From burgers to bleach, and Walmart to Adidas – consumers are starting to take advantage of high inflation

Some global consumers are showing signs of cracking, as shoppers stressed by record inflation stick to buying basics like food, bleach and cheap burgers, while those who have larger bank accounts buy $3,000 Louis Vuitton handbags.

Investors are watching corporate results closely for signs that economies are heading into recession. But so far, consumers are sending mixed signals. There is weakness among those who have been hardest hit by record fuel and food prices. Meanwhile, credit cards and other data show some are still spending on travel and other high-end activities.

Walmart fired a warning shot on Monday, issuing a rare profit warning. Its American customers, who are typically from low-income households, shop for food and other necessities, while skipping aisles filled with clothing and sporting goods.

“The overnight results indicate that the American consumer is now much more focused on the basic element of shopping where we have double-digit food inflation at some of these retailers,” says fund manager Nicola Morgan-Brownsell. at Legal & General Investment Management.

US consumer confidence fell for a third consecutive month in July amid lingering concerns about rising inflation and rising interest rates.

Sales at luxury group LVMH Moet Hennessy Louis Vuitton SE climbed 19%, slightly lower than at the start of the year. Sales of handbags and high-end liquor in Europe and the United States helped offset slowdowns resulting from COVID-19-related lockdowns in China.

Consumer giants Coca Cola Co., McDonald’s Corp. and Unilever Plc all said on Tuesday that their products were still selling, even at higher prices.

Unilever, which has 400 brands including Hellmann’s mayonnaise, Knorr bouillon cubes and Domestos bleach, raised its full-year sales forecast after beating underlying first-half sales guidance so his prices were rising.

How long can it last?

So far, consumers are buying, but one wonders how long this can last.

“We see price increases when we go out for weekly groceries. The question is, how much more can the consumer accept these price increases?” said Ashish Sinha, portfolio manager at Unilever and shareholder of Reckitt, Gabelli.

McDonald’s, which operates nearly 40,000 restaurants, said its global same-store sales jumped nearly 10%, much better than expectations for a 6.5% increase.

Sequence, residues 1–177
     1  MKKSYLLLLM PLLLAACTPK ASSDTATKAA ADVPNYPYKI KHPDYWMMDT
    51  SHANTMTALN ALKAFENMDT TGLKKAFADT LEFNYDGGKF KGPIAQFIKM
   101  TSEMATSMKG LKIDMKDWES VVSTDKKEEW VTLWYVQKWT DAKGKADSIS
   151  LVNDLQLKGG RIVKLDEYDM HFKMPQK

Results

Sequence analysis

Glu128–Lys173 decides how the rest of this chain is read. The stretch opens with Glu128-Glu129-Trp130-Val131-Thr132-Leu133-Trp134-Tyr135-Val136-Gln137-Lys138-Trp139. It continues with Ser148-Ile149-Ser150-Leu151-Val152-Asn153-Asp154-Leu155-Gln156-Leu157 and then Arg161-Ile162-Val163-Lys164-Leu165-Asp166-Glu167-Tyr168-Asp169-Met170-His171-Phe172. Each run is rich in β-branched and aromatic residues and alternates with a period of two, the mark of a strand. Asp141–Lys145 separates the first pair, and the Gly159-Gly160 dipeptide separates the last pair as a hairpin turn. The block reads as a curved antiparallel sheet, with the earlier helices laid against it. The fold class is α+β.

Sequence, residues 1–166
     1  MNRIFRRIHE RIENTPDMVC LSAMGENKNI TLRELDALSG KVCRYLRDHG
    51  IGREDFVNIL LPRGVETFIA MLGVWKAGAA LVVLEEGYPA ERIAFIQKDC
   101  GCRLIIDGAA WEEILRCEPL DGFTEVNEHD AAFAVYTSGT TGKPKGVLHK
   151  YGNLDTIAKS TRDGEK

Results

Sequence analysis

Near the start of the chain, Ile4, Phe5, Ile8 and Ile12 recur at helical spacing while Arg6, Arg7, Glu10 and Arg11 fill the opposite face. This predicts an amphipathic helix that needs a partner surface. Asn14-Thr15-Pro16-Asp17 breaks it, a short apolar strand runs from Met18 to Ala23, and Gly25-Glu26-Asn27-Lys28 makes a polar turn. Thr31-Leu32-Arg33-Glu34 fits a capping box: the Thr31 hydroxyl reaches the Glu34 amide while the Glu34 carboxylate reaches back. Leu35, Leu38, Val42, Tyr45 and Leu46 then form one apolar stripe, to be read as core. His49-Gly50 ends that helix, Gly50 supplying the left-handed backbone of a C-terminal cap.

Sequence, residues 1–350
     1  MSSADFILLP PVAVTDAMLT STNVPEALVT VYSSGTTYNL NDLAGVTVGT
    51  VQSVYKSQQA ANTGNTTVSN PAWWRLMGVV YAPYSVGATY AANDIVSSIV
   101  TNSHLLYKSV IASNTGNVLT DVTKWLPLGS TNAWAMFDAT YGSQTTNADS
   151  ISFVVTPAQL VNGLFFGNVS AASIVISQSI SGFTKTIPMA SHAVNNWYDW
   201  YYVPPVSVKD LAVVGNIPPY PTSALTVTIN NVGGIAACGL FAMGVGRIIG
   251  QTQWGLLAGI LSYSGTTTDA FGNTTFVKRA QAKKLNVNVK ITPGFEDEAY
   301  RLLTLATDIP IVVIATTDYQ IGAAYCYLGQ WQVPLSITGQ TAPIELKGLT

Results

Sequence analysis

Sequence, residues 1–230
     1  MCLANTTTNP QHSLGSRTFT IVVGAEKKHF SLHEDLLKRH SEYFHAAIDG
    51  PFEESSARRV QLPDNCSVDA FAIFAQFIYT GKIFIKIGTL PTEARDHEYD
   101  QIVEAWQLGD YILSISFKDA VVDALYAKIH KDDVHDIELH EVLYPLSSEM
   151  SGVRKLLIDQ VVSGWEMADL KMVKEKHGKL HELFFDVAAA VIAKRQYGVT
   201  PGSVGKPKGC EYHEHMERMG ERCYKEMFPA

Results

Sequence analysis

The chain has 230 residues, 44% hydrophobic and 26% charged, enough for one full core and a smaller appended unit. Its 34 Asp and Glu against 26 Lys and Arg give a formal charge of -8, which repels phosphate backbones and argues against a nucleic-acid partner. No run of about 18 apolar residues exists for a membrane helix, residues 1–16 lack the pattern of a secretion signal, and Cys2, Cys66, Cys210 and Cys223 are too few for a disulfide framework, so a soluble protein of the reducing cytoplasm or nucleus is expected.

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As inflation hits its highest level since 1983, Canadians are looking for ways to earn more and spend less, while businesses try to manage rising costs.

Even so, the Chicago-based company said it is considering adding more discounted menu options as soaring inflation – especially in Europe – leads some lower-income consumers to “trade in” toward cheaper items and buying fewer large combo meals, Chief Financial Officer Kevin Ozan said on a call with investors.

Coke’s global sales volumes rose 8% in the second quarter, the company said, driven by growth in both developed and emerging markets, while average selling prices rose about 12%.

“Coke’s results are a testament to the value of its brand as consumers are unwilling to give up other colas, despite price increases,” said CFRA analyst Garrett Nelson.

Germany-based shoemaker Adidas AG cut its profit target for the year due to a slow recovery in its China business.

General Motors Co. on Tuesday reaffirmed its full-year profit outlook on an expected increase in demand and said it was restraining spending and hiring ahead of a potential economic slowdown, but a 40% drop in its quarterly net income disappointed, dragging stocks lower. .

The Detroit automaker’s net profit fell 40% in the second quarter from a year earlier due to supply chain issues, including a global shortage of semiconductor chips that hit the hardest in June.

Nonetheless, GM is seeing a lot of pent-up demand.

Shoppers carrying Louis Vuitton-branded bags on the Champs Elysees in Paris earlier this month. The luxury brand’s sales are holding up well amid high inflation, but not all retailers are doing so well. (Cyril Marcilhacy/Bloomberg)

GM Chief Financial Officer Paul Jacobson said Tuesday that despite the hit from the global chip shortage in June that continued into July, GM still sees high prices and demand for its vehicles. The automaker reaffirmed its profit outlook for the year, as Jacobson said the company saw demand in the second half making up for any shortfall in the second quarter.

A GM pickup costs around US$31,500 for a base Chevrolet model, while the fully-equipped version can easily exceed US$100,000, and most cost between US$50,000 and US$70,000.

“We feel good to catch up on all that (lost) volume in the second half of the year,” he said.

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